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Número de publicaciónUS3420932 A
Tipo de publicaciónConcesión
Fecha de publicación7 Ene 1969
Fecha de presentación20 Dic 1966
Fecha de prioridad20 Dic 1966
Número de publicaciónUS 3420932 A, US 3420932A, US-A-3420932, US3420932 A, US3420932A
InventoresJohn L Jones, Andrew M Rubino
Cesionario originalArmour Pharma
Exportar citaBiBTeX, EndNote, RefMan
Enlaces externos: USPTO, Cesión de USPTO, Espacenet
Methods of making alcohol soluble complexes of aluminum and preparations employing the complexes
US 3420932 A
Resumen  disponible en
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Descripción  (El texto procesado por OCR puede contener errores)

United States Patent 16 Claims ABSTRACT OF THE DISCLOSURE An inorganic-organic coordinated complex of aluminum derived by mixing an aqueous solution of an aluminumcontaining material from the class consisting of aluminum basic chloride and aluminum basic bromide, with a polyhydroxy compound having at least two carbon atoms, each of which is linked to a hydroxy group, heating said mixture to a temperature of between 80 and 110 C., and spray drying said mixture to obtain a product having a water content of about 1.0 to weight percent (Karl Fischer analysis). Also an aerosol formulation comprising a non-aqueous solvent, an aerosol propellant, and at least 5% by weight of the aforesaid complex.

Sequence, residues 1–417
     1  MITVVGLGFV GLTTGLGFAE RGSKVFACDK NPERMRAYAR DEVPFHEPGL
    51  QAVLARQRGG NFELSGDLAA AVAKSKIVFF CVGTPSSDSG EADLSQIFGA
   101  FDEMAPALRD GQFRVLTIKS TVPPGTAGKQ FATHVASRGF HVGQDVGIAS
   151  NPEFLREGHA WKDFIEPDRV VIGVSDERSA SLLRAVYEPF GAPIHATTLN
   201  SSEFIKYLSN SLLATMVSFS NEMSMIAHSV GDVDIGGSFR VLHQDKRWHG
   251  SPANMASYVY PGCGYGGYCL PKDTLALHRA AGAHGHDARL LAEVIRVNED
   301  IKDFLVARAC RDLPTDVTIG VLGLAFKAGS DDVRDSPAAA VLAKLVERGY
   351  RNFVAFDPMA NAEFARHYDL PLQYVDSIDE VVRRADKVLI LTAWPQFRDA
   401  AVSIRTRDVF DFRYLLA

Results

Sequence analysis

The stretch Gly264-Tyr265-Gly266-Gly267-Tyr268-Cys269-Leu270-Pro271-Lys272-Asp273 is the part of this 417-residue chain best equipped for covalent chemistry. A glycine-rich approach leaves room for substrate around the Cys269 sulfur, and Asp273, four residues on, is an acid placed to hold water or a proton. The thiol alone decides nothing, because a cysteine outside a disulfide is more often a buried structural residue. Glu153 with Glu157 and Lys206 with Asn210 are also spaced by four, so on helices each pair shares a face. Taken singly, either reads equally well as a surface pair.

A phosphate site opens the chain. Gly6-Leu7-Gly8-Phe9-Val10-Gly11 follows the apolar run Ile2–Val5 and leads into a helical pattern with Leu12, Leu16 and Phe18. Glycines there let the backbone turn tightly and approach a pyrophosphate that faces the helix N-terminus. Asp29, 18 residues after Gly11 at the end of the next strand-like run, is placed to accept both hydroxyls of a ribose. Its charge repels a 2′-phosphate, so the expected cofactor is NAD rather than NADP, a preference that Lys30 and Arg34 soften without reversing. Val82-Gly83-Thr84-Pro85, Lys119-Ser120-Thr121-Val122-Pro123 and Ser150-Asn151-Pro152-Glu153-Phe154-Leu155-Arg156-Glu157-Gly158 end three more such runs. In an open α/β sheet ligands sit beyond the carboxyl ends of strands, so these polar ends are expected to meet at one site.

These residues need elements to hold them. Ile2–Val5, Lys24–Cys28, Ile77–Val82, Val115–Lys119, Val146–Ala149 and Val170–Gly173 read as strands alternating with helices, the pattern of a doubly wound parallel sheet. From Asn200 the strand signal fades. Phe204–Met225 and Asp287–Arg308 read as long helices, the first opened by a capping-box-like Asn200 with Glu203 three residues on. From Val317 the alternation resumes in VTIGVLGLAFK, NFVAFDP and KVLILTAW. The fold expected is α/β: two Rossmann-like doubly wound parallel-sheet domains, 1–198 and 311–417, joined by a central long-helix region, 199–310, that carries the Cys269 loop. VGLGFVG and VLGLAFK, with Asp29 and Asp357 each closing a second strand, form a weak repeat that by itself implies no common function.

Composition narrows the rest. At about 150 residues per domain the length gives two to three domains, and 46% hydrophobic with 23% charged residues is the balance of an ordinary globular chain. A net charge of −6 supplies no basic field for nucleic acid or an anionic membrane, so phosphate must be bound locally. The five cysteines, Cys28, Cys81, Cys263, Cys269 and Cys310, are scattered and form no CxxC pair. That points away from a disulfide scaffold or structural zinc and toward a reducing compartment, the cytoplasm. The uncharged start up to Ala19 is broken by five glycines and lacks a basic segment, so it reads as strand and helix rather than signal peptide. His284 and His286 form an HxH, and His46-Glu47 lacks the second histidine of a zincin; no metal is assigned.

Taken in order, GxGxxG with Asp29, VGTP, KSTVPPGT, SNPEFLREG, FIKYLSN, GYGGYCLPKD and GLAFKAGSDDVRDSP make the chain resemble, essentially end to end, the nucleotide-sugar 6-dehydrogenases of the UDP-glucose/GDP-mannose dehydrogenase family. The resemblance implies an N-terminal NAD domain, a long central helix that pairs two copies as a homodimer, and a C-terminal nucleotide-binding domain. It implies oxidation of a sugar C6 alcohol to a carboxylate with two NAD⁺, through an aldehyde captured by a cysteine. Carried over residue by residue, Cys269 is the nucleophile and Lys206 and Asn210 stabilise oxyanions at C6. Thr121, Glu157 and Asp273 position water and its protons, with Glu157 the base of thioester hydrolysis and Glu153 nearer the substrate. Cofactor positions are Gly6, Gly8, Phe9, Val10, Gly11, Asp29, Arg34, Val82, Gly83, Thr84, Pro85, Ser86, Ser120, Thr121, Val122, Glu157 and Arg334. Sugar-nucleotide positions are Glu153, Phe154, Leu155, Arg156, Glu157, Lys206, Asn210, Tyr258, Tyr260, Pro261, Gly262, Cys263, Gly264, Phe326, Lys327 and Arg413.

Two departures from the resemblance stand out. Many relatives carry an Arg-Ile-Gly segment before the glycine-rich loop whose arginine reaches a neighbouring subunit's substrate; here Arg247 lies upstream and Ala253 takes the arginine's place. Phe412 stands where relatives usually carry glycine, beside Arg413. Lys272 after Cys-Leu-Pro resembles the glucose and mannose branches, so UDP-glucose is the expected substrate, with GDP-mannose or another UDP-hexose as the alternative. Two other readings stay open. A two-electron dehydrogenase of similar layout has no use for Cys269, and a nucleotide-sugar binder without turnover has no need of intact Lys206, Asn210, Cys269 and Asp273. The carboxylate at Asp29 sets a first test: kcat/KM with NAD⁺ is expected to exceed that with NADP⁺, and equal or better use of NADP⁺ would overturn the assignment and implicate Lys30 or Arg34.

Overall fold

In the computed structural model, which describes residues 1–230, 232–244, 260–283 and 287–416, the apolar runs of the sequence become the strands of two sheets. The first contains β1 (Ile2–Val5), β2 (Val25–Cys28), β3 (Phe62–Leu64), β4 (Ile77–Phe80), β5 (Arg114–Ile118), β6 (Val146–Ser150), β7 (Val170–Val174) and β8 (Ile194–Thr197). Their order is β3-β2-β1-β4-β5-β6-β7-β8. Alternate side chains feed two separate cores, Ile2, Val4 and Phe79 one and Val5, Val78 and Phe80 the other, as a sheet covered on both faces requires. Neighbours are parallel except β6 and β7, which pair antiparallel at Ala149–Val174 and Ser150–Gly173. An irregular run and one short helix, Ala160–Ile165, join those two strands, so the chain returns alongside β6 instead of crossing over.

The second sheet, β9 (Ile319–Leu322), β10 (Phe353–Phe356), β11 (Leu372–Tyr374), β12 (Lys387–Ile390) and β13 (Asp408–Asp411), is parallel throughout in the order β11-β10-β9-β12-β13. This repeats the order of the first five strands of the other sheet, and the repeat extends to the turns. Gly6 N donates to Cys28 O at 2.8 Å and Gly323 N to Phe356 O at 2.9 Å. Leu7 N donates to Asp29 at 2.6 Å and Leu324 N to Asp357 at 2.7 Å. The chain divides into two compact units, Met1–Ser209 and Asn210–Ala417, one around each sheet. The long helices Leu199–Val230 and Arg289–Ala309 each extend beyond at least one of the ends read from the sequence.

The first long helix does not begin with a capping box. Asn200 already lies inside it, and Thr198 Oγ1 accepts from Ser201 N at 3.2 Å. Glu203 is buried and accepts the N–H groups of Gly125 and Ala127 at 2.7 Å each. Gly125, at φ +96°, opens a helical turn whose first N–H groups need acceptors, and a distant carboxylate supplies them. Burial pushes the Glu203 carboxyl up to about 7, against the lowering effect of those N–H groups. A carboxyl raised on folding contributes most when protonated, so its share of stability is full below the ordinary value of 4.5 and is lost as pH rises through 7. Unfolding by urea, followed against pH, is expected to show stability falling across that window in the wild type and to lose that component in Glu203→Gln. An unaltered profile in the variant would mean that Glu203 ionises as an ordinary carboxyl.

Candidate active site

This application is a continuation-in-part of application Ser. No. 472,684 filed July 16, 1965 and now abandoned.

The present invention relates generally to novel aluminum inorganic-organic complexes which have an unexpectedly high degree of aluminum ionicity and significant solubility in non-aqueous media, to methods of making such complexes, and to methods of and preparations employing such complexes in the formulation of novel and effective non-aqueous compositions which are useful as antiperspirants.

Certain background information is well to note in order to more fully appreciate and understand the present invention. For example, it is well to understand that the enhanced solubility in non-aqueous media which, as will appear, is exhibited by the complexes of this invention, is extremely significant since it is accomplished without losing the ionicity of the aluminum coordinated therein.